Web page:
In praise of mediocrity

30 09 2008

We are not supposed to praise mediocrity. Modernity despises it, though it is its best purveyor. Nor are we supposed to be able to live with hypocrisy. These are things that in the Gospel and New Testament are explicitly condemned and despised. So any praise of hypocrisy and mediocrity would be borderline sacreligious in the eyes of some.

If we are in the moral and social mess that we are in now, it is because we have declared an all-out war on mediocrity. This began of course with the Reformation, which was followed by the Counter-Reformation, the Enlightenment, and the list could go from there. The society that we had found ourselves living in was never good enough. There was always something that needed to be changed, overturned, cleaned up, and improved. We expect improvement, we crave it. We are always avaricious when it comes to things getting better: spiritually, financially, socially, and personally. Christians are tolerant; we are supposed to love all people. Anti-Christians one up the Christians by being even more tolerant; towards homosexuals, women who want abortions, people who divorce, etc. And to add insult to injury, Christians can’t even follow the rules that make them so intolerant in the first place, and anyone with any cursory knowledge of the world knows it.

So the pursuit of perfection, the constant drive to “make things better” becomes the demise of institutions, the iconoclasm against the forms of the past, and the foundation of the eternal dictatorship of the present. Worship must be improved; the old prayers are too long, too complicated, too repetitive, and not rich enough with meaning. Old codes of theological formulation and moral behavior are not thorough enough, are too constricting, and fail to convince man, ever skeptical man, of why he should believe in the specters of the past and fear them.  Truth must spring from “in here”, in the warm bosom of good feeling, in the always certain knowledge that things are getting better all the time. All messes need to be cleaned up, all prejudices cast out. And if this is not possible, than why bother with any of it? Either life must be sanitized, predictable, and perfectly ordered, or it must not exist.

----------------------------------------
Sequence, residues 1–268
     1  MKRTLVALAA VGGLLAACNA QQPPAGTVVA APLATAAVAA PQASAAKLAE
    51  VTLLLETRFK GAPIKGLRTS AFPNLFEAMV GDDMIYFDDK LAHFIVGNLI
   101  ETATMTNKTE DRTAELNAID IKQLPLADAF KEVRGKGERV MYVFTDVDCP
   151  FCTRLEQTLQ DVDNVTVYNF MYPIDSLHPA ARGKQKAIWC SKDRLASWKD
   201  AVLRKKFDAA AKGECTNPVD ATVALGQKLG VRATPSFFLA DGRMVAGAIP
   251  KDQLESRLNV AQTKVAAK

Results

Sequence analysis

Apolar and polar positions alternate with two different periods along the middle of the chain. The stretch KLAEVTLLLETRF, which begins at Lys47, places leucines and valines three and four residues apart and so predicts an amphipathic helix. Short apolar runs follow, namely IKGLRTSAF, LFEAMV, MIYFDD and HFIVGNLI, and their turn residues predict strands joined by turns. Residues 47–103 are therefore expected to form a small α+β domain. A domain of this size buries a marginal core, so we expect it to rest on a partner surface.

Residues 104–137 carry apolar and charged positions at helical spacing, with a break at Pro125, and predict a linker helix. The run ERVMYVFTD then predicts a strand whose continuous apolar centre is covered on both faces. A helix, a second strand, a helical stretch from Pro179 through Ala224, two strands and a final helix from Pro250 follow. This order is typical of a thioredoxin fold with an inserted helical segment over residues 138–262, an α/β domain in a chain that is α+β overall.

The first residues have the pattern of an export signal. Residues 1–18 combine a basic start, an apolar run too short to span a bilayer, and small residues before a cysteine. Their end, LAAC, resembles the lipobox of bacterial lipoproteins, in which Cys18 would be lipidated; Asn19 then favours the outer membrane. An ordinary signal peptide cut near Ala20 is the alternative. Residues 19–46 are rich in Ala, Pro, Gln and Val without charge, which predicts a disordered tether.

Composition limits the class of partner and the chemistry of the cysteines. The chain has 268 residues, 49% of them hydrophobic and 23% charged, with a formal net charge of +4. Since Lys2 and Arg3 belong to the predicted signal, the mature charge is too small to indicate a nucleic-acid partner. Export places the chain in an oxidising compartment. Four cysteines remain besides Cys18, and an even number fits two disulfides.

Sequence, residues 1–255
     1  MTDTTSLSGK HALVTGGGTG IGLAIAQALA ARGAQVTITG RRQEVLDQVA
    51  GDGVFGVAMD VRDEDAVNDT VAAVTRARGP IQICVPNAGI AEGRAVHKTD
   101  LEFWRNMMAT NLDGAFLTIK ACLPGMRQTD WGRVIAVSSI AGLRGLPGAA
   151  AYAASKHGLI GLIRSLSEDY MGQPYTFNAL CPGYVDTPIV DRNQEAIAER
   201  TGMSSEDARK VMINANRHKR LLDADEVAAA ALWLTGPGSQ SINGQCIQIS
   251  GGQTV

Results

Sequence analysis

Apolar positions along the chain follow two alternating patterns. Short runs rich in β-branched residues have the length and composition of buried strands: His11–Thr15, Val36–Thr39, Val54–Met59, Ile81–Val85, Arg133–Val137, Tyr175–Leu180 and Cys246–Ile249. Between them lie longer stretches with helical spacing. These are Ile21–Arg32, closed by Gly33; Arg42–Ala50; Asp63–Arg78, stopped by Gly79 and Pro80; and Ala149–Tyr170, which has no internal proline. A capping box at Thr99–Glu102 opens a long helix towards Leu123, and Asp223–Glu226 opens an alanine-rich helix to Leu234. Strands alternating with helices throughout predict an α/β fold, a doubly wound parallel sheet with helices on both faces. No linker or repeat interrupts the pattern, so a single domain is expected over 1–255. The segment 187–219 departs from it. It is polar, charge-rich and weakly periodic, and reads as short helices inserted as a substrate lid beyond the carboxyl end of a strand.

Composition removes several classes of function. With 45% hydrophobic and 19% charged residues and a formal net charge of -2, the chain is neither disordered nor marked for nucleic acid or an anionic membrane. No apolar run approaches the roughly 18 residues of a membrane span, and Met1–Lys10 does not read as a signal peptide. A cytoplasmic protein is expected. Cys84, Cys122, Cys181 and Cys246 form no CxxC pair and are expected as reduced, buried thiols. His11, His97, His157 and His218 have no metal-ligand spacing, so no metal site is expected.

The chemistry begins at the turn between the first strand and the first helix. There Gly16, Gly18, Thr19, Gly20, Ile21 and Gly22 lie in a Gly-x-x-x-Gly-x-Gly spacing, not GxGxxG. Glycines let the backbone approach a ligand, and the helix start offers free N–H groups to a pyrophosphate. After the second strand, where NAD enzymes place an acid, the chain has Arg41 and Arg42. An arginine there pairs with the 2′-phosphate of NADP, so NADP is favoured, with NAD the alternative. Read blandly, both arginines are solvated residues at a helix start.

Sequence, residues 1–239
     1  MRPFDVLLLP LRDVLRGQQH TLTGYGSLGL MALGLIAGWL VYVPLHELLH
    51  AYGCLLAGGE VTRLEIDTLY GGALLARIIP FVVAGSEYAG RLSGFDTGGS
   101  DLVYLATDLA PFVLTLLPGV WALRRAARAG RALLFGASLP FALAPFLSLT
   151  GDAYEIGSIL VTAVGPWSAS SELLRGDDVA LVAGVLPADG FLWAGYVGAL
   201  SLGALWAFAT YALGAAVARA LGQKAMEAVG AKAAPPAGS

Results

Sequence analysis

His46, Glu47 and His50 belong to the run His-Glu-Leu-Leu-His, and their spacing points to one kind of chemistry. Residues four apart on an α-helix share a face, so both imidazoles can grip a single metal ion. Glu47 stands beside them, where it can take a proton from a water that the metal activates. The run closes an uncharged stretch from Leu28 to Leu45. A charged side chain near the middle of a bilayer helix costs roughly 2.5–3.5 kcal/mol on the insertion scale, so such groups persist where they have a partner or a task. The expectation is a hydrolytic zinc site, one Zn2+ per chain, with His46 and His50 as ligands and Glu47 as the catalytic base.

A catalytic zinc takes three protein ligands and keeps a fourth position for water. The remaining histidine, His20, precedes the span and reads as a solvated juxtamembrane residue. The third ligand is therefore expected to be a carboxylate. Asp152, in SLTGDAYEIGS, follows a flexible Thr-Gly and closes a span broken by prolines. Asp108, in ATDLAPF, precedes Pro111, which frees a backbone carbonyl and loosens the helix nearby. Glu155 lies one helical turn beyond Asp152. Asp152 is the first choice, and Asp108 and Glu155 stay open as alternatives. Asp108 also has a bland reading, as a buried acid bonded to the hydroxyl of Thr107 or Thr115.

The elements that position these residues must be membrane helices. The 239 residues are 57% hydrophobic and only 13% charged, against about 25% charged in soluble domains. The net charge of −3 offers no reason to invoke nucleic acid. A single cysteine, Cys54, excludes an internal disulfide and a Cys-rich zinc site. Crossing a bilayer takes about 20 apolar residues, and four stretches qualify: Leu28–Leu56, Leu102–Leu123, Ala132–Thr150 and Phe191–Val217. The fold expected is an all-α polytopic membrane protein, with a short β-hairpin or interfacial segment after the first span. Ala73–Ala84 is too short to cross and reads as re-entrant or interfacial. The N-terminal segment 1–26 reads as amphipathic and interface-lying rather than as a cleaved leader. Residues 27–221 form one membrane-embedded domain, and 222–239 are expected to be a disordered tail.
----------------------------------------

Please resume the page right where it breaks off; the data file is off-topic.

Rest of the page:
That is why I praise mediocrity. The rote catechisms and the old beaten-up novena pamphlets were created for mediocre people, people who were addicted to routine, who took the way of life for granted. Old moral codes had hypocrisy built into them; it may have not been possible to buy off God with good works, but that didn’t mean that you weren’t supposed to try. Instead of running the mad sprint of perfection, it preferred to run the labyrinthine marathon of rules, infractions, and very gradual, if non-existent, improvement. Things are not getting better all the time. They pretty much stay the same. You are not learning to behave yourself more and more, but only learning to better live with and cover up your imperfections. You are not growing in your spiritual and emotional life; you are always where you started, and any progress is purely illusory. But like a stone at the bottom of the stream, we imperceptibly are smoothed out by the flow of time. Simply try not to notice it, and perhaps, one day, you will be better.



2 responses

1 10 2008

Now that’s refreshing!

1 10 2008
Josh S

This began of course with the Reformation, which

Objection! It “began,” at the very least, with the monastic reform movements. But reform and renewal movements don’t really have a beginning at all.

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